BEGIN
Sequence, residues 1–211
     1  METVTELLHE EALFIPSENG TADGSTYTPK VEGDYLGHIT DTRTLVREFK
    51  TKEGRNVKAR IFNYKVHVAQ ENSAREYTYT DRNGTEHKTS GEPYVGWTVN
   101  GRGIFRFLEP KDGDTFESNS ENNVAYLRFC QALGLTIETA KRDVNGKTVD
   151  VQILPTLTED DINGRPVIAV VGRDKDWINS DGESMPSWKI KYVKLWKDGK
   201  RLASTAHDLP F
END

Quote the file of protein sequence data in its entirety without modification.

Sequence, residues 1–211
     1  METVTELLHE EALFIPSENG TADGSTYTPK VEGDYLGHIT DTRTLVREFK
    51  TKEGRNVKAR IFNYKVHVAQ ENSAREYTYT DRNGTEHKTS GEPYVGWTVN
   101  GRGIFRFLEP KDGDTFESNS ENNVAYLRFC QALGLTIETA KRDVNGKTVD
   151  VQILPTLTED DINGRPVIAV VGRDKDWINS DGESMPSWKI KYVKLWKDGK
   201  RLASTAHDLP F